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Wideman ruling won't come this week

Flames defenseman appealing 20-game suspension

by Dan Rosen @drosennhl / NHL.com Senior Writer

DENVER -- The arbitrator ruling on the appeal of Calgary Flames defenseman Dennis Wideman's 20-game suspension told the NHL and NHL Players' Association he won't have a decision until the week of March 7, NHL deputy commissioner Bill Daly said at Coors Field on Saturday.

The appeal hearings took place Thursday and Friday.

Wideman was suspended by the NHL without pay on Feb. 3 for being in violation of Rule 40 (Physical Abuse of Officials) during a game against the Nashville Predators on Jan. 27. He hit linesman Don Henderson at 11:19 of the second period. The suspension requires Wideman to forfeit $564,516.20 in salary that goes to the Players' Emergency Assistance Fund.

Wideman served the 13th game of the suspension Saturday. He is ineligible to play until March 14.

"This is different than the typical supplementary discipline case because it was a different type of defense so there were different witnesses that had to testify," Daly said. "The arbitrator has told us that he doesn't anticipate being able to side on the case until the week of March 7. I think the parties are going to do a post-hearing brief that's actually at the Players' Association request on Friday, so we'll see what happens."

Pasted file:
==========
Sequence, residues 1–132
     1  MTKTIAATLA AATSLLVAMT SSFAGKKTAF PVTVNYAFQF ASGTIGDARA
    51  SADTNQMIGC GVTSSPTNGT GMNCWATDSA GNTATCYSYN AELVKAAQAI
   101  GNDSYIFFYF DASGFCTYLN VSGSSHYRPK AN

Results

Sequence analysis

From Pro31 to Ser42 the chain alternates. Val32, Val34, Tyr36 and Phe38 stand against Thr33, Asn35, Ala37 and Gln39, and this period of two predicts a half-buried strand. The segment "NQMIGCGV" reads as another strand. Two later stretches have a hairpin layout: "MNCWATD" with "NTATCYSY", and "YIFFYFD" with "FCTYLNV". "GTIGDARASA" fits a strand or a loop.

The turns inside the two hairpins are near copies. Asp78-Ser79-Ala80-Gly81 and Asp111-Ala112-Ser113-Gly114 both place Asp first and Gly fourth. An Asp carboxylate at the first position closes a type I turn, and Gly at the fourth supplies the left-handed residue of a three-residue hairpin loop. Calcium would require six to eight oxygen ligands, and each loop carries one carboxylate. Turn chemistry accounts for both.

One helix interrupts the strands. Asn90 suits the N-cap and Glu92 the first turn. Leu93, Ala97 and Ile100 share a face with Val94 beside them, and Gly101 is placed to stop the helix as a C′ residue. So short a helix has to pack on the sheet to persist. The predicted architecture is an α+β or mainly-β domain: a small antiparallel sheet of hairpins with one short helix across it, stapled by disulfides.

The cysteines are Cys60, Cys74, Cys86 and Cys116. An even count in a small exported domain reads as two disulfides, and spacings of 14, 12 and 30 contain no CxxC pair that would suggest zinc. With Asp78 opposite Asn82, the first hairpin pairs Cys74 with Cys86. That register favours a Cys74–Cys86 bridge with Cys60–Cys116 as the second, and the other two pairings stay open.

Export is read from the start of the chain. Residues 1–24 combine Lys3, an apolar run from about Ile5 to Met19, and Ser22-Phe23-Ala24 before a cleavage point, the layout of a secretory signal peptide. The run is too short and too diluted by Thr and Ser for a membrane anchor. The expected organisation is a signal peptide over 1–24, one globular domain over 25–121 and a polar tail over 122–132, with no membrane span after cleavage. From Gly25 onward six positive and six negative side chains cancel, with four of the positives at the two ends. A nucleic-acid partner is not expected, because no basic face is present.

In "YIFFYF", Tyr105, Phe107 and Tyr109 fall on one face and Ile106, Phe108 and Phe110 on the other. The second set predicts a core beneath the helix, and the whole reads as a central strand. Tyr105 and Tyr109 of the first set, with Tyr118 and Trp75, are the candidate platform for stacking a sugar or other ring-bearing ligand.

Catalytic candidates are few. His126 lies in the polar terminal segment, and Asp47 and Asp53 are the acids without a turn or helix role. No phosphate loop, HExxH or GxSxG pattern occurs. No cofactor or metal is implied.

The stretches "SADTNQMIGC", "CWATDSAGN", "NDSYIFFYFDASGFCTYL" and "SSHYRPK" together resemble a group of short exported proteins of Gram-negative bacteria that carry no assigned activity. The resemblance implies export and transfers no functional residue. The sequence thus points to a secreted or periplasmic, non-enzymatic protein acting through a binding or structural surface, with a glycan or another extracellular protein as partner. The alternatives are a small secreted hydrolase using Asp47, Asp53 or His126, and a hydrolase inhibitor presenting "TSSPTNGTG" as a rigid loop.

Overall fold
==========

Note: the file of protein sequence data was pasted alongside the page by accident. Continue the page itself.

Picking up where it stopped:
Daly said the post-hearing brief is in lieu of an oral closing argument and it's for the benefit of the arbitrator. In addition, Daly said neither the NHL nor the NHLPA has expressed frustration in the length of the appeal process, which is now at 24 days since the suspension was announced and the NHLPA said it would initiate the appeal process on behalf of Wideman.

NHL Commissioner Gary Bettman ruled to uphold the suspension on Feb. 17. That day, the NHLPA announced it would appeal to the Neutral Discipline Arbitrator.

"In regards to the scheduling of the process, I would say that the National Hockey League on both levels of the appeal had offered earlier dates than the Players' Association was prepared to take, but that's not to disparage anybody because the case is a little bit different," Daly said. "Obviously from the player's perspective, the monetary penalty is significant and I think he wants a fair hearing on whether that's a fair monetary penalty. I can't speak for him, but I don't think either party has a concern with the process itself. It is what it is."

Daly said Wideman will be compensated for games he inappropriately missed if the arbitrator rules to reduce the suspension back to games he should have been eligible to play.

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